A few years ago, Hollis Day walked through the doors of a local radio station to pitch an idea for a show about personal finance. It was a little after 6 a.m. and he didn’t have an appointment.
“They thought I was crazy,” he says.
But Day was determined. Hours before arriving at WJBO’s offices in Baton Rouge, Day had been at a meeting in Dallas. There, he met Mark McKay, a fellow professional in the financial world who mentioned that he was attracting new clients by hosting a radio show. Day, who has worked in alternative financial strategies since 2007, was intrigued.
AT A GLANCE
Primary product/service: Financial strategies coaching supported by weekly radio talk show and new book on tax code
Top executive: Hollis Day, Financial Coach, Host and Author
Year founded: 2012
Phone:  202-7243
“I said, ‘You think I could do that?’” Day recalls. “And he said, ‘I don’t see why not.’ So I started just hammering him with questions.”
Later that night, Day went to his hotel room, gathered his things and immediately set out for Baton Rouge. After a pit stop and brief nap near the baseball fields at his alma mater Louisiana Tech University, Day arrived at WJBO.
The station staff heard him out, but didn’t have an opening for a new show right away. Soon, though, Day got a call with an offer for an early morning slot on Sundays, and the first episode of Sage Money Radio hit the airwaves in July 2012.
Day’s show now airs on Saturday mornings at 11 a.m., which often falls between football, basketball, baseball, softball, soccer and track practices and games for his children, Patrick, Ruston, Katey and Mollee.
Day coaches callers on what he calls alternative strategies for improving their finances and gaining a better understanding of the tax code.
“I’m surprised how many talk radio listeners take time to call in,” he says. “Most people who call me do their own investing. I’m not a traditional stock market guy; I do alternative strategies. It’s a complement to what someone is already doing with their traditional investing—stocks, bonds, mutual funds, CDs—things people know about.”
One non-traditional strategy he often speaks of is in smaller oil and gas companies that raise money through private equity rather than being publicly traded.
“There are favorable tax benefits aligned with them, according to certain sections of the U.S. tax code,” Day says. “The oil and gas industry and its employees are the backbone of this country, state, parish and the city of Baton Rouge.”
Another of his key messages is about taxes. The American tax code is 86,000 pages long, Day says, and most people don’t know much about taxes.
When he realized there wasn’t a good book available to help people understand the topic better, Day decided to write his own: Optimizing the Tax Code was published earlier this year and is available on Amazon.com.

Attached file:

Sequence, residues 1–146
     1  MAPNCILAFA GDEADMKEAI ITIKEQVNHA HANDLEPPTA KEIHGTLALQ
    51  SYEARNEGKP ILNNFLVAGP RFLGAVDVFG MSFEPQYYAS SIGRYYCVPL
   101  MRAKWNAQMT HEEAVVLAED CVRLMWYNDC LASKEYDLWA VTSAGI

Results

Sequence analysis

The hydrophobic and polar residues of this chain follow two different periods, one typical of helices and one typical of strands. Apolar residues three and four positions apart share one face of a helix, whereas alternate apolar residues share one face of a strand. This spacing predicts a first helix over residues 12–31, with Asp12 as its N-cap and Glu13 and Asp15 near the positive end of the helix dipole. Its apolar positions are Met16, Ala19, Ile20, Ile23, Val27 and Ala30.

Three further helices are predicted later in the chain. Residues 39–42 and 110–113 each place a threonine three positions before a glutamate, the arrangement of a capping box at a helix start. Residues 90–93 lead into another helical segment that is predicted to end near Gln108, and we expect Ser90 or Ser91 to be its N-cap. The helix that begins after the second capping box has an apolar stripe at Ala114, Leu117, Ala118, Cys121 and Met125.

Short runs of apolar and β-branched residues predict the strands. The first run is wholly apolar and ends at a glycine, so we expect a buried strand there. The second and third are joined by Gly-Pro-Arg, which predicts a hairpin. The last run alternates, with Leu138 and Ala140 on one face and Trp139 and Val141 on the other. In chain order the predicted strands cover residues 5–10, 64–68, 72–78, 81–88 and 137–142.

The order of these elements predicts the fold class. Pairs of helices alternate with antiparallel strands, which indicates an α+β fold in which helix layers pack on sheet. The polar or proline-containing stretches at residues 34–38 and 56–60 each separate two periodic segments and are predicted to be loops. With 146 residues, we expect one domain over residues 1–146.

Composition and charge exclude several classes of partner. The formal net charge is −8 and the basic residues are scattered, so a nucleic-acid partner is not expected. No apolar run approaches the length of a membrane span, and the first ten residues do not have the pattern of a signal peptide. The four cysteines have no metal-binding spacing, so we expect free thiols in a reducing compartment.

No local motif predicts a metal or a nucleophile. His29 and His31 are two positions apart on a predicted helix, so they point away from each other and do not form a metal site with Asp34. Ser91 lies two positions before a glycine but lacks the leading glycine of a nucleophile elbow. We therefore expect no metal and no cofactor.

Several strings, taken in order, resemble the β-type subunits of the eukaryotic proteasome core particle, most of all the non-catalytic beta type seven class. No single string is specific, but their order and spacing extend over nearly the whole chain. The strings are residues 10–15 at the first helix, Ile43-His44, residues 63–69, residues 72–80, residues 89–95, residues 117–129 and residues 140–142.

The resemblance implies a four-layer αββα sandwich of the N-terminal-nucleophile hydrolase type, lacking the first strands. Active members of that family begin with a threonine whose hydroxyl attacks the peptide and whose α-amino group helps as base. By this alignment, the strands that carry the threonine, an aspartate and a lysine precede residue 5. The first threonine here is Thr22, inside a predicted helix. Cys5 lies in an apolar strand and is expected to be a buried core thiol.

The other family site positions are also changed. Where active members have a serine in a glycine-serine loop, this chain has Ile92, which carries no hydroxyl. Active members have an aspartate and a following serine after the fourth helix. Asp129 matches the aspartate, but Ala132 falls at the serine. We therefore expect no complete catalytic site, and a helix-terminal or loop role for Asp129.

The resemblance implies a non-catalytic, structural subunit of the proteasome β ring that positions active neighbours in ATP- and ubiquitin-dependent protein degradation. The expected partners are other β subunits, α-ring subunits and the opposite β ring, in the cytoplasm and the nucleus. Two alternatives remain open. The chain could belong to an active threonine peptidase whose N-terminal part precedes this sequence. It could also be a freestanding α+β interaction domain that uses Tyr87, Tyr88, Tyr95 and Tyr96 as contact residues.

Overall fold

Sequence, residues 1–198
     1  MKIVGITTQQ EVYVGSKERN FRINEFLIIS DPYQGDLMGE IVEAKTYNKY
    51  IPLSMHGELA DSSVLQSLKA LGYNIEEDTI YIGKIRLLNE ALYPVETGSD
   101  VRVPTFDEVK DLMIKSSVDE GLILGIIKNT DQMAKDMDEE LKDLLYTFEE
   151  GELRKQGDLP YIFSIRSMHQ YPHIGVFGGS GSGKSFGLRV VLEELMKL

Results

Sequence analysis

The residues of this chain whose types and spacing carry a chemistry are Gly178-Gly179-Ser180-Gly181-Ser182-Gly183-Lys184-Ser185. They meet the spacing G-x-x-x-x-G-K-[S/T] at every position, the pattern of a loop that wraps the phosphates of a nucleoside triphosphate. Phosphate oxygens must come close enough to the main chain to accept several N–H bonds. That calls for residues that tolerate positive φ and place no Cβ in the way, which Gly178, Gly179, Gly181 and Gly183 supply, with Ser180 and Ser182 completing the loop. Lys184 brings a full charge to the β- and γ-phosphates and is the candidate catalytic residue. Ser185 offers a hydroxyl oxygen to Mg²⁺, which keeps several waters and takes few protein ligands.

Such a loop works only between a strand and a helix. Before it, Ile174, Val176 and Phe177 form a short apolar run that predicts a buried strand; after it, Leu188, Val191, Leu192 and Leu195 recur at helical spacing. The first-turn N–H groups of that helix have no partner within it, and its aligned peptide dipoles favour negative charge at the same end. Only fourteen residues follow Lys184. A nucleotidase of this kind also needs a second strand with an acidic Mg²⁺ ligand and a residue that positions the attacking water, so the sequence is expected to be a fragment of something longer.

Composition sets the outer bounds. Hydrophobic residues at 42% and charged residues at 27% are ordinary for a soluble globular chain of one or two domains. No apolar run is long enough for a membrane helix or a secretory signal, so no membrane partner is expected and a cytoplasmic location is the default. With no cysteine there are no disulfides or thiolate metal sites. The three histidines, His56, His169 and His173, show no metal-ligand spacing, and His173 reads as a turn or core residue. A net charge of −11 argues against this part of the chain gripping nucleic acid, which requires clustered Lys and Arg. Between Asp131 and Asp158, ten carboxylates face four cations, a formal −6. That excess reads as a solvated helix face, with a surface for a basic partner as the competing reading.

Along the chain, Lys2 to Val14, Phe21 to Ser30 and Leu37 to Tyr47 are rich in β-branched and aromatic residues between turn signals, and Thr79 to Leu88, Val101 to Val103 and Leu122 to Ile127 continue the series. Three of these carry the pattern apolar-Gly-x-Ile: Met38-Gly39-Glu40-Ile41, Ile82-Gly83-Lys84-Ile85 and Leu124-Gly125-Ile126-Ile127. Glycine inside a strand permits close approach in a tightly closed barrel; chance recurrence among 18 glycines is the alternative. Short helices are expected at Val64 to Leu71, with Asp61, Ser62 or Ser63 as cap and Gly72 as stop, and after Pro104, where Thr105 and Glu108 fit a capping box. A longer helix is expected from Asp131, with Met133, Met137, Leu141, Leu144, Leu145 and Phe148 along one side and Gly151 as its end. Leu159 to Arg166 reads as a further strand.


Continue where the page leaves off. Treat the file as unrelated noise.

Day emphasizes that he believes taxes are important, as they fund roads, the military and other critical services. But he also believes Americans are over-taxed and should have the option to manage more of their own money. In his book and on his radio show, Day reads the tax code word for word, to better help his audience identify ways to earn and keep more money for retirement, covering such topics as investing, 401Ks, trusts and Social Security, and how these things are all affected by tax laws.
Part of his passion for finance comes from growing up in a blue-collar family in Port Allen. His father owned a tire shop and his mother was a nurse. When hard times hit in the 1990s, his father had to close his business and went to work for a tire distributor in St. Gabriel.
“In 2001, I was managing a nursing home and the market crashed. I was furious, and my dad was too because we were watching our 401K value decrease and we felt helpless,” Day says. “We couldn’t access our money, and we had no control over that.”
That taught Day a lesson that he still passes on today: “it’s very important to be liquid, which means you have quick access to your money, and to have control over your money.”
Day started learning more about finances after the 2001 crash. But the journey into the financial world became personal when both of his parents died within 17 months of each other. Neither received any Social Security or Medicare benefits before their deaths.
“Where did all that money go that they were forced to pay into both systems for years?” Day says. “That question helped fuel my passion to learn more. Now I’m able to help people aviod the double taxation of Social Security to make sure others don’t have the same experience. I can help people make wise choices for their futures.”
FROM THE FINANCIAL COACH, HOST & AUTHOR
Things have changed.
That can be said for many subjects, but especially when it comes to your money making money for you. I am a loyal student of something called Prosperity Economics, which is all about optimizing opportunities and staying strategy oriented.
My top strategy is The Flex Method which is simply applying the age-old banking principle of leverage (obtaining money at a low rate and making a higher rate with it elsewhere) to one of the safest assets on the planet. By doing this, the individual will potentially earn tax-free returns in the low double digits without market risk. There is nothing in the investment space that I am aware of that is its equal for safety, high growth, tax advantages, and liquidity. It’s really just simple math.
Our stored labor dollars (money that we have saved from working) can do many jobs. Cash flow is key. Control is vital. Where your money sits is more important than the rate of return. I personally focus on macro-based economics and it works well for me. Do not let money mystify you. Education is critical and just because you have never heard of an investment opportunity before does not mean it’s not good.